Living and Learning in Appalachia 2012: Day One

The Clearfork Valley (Eagan, TN and surrounding communities) is the destination for the third annual community and civic engagement course on Appalachian community development.  Eight Auburn University students and Mark Wilson from the College of Liberal Arts are working with friends at the Clearfork Community Institute (CCI) from March 9 to March 16.  

Today our adventure led us over the mountain into Middlesboro, Kentucky.  The Cumberland Gap National Historical Park allows visitors to experience the nation’s “gateway to the West,” and we were fortunate to tour Gap Cave, the 42nd longest cave in the country (16 surveyed miles).  Although Gap Cave operated as a commercial tour operation for decades, the National Park Service has restored the cave to as close to original condition as possible, and the tour is conducted with flashlights only.  The two-hour tour included several bat sightings (one in flight near Jamie’s head!), historical information on the cave, and beautiful stalactites and stalagmites.  For their enthusiasm, bravery, and the proper cave conduct, our students received Junior Ranger badges from tour guides Lucas and Brittany.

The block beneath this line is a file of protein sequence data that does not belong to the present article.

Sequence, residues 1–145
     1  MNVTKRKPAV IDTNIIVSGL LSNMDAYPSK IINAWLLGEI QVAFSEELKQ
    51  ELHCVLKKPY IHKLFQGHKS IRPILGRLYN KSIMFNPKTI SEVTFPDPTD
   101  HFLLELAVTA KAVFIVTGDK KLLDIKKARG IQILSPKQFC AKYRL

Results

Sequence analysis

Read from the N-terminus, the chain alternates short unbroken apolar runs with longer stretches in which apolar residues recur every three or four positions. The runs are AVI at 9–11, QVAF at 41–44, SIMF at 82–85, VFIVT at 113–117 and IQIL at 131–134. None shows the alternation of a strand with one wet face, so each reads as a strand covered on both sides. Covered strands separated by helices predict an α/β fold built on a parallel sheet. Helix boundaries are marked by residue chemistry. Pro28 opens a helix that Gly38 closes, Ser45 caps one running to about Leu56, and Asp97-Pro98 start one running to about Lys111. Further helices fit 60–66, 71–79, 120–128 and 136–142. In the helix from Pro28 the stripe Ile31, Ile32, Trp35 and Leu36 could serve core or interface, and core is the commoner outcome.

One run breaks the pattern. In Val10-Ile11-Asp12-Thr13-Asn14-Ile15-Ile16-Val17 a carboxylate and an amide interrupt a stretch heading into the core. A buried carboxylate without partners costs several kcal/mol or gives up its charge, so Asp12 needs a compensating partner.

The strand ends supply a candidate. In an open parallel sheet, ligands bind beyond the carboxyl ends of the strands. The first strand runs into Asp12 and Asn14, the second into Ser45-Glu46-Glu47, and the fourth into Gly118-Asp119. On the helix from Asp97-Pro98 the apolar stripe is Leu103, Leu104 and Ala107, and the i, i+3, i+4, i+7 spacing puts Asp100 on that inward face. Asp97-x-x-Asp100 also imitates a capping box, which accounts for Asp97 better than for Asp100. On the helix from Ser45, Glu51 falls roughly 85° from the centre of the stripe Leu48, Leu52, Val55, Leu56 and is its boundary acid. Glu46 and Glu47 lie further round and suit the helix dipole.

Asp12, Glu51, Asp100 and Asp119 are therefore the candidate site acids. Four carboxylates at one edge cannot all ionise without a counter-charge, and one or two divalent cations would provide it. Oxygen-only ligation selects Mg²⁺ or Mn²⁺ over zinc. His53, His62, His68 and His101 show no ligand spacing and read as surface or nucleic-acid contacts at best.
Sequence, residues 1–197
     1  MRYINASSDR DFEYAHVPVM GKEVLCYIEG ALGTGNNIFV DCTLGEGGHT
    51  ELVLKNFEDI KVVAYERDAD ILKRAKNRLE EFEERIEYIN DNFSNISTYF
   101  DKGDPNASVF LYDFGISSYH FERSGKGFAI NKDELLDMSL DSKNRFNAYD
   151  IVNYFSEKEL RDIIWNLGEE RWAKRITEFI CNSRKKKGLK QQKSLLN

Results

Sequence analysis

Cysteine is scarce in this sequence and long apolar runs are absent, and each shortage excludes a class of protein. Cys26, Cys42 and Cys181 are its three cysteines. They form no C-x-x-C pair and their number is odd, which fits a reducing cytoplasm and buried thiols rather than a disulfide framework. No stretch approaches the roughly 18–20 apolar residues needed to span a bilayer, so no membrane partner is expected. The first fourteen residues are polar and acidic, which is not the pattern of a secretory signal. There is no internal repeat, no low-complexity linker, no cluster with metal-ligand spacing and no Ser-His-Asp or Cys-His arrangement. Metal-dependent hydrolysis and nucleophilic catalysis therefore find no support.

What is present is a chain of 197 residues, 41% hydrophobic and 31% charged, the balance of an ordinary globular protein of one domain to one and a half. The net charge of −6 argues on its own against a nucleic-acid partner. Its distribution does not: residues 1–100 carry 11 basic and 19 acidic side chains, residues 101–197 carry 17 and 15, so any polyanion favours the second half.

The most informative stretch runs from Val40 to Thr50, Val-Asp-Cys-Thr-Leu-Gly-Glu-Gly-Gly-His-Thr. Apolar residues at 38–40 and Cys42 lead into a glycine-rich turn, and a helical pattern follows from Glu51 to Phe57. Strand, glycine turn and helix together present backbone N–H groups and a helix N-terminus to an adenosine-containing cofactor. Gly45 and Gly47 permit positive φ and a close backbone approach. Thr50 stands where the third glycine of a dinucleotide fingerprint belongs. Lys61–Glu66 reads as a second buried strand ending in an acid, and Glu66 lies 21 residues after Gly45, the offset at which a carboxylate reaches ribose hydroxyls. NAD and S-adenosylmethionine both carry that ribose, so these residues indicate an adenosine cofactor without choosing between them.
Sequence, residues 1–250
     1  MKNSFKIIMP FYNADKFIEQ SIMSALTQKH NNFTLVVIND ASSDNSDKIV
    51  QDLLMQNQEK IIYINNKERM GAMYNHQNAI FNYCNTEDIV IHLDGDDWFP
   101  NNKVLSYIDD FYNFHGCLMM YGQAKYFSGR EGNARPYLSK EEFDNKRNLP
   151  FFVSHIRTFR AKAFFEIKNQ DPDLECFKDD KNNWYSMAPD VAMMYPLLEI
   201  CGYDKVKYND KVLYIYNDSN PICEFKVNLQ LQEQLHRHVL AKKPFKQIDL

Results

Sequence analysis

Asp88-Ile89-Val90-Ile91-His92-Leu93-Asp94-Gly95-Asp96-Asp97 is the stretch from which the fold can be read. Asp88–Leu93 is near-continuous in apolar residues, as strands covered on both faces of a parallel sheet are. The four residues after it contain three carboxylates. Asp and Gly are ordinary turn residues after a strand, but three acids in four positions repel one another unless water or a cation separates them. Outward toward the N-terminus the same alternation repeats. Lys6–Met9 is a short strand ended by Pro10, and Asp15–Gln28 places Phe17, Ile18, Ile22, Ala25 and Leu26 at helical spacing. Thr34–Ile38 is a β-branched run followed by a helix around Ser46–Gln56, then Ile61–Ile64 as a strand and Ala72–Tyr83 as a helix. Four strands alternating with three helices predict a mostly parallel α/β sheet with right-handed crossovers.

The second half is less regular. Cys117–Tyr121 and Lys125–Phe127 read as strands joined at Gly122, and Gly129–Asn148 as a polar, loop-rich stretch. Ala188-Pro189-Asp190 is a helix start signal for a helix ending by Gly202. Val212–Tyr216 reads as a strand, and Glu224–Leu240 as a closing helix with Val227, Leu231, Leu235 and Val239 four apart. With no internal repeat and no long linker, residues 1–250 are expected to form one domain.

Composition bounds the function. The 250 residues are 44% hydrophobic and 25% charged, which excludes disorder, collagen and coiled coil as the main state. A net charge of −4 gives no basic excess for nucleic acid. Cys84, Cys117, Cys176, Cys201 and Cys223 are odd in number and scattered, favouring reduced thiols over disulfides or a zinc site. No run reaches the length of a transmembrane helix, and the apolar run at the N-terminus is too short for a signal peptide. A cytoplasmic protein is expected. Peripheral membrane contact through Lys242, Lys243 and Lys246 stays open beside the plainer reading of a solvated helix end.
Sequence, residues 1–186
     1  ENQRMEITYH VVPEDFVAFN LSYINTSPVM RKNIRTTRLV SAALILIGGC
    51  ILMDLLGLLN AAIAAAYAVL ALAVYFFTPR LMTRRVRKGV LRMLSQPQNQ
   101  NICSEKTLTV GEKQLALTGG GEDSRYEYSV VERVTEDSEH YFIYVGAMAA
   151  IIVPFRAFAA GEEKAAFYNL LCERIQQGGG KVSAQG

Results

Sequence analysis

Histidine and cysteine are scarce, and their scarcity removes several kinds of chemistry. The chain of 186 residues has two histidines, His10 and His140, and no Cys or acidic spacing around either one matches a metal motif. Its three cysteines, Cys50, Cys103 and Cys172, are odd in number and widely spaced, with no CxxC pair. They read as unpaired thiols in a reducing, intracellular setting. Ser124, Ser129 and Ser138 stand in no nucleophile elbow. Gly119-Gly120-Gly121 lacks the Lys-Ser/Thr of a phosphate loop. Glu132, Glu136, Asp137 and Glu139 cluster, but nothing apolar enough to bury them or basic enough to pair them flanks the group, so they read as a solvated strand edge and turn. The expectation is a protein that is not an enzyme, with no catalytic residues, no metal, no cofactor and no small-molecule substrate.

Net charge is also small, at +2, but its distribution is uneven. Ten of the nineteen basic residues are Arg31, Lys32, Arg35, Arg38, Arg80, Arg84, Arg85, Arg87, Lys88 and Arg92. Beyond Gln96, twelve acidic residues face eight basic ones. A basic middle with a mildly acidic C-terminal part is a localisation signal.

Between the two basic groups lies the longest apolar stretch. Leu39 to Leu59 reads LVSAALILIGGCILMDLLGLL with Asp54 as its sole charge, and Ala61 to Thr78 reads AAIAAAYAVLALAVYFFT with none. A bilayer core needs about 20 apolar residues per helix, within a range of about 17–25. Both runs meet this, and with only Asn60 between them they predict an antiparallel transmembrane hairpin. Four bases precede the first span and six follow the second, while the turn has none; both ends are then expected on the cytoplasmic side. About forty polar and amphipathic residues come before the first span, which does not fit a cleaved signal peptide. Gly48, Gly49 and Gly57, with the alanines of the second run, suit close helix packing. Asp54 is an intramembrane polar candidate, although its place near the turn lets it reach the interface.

We spent the afternoon at the Bell County Historical Society Museum in Middlesboro with director James Madison and assistant Deborah.  We learned about the founding and development of Middlesboro (a project of England’s Alexander Arthur), and students worked on their own genealogical research on  Lauren traced one line of her family back to the late 16th century, not bad work for an afternoon. Kadedra, Donna, and Mary Afton managed to dress up as firefighters, thanks to the Middlesboro Fire Department, and some conversations with locals on the street rounded out a busy afternoon.

We purchased 178 items at Wal-Mart, then headed back to CCI for some burgers grilled by Evan and Jamie and the first of many desserts prepared by Lauren.  The shelves are full of food, and the fridge is packed.  We’re ready for the week.

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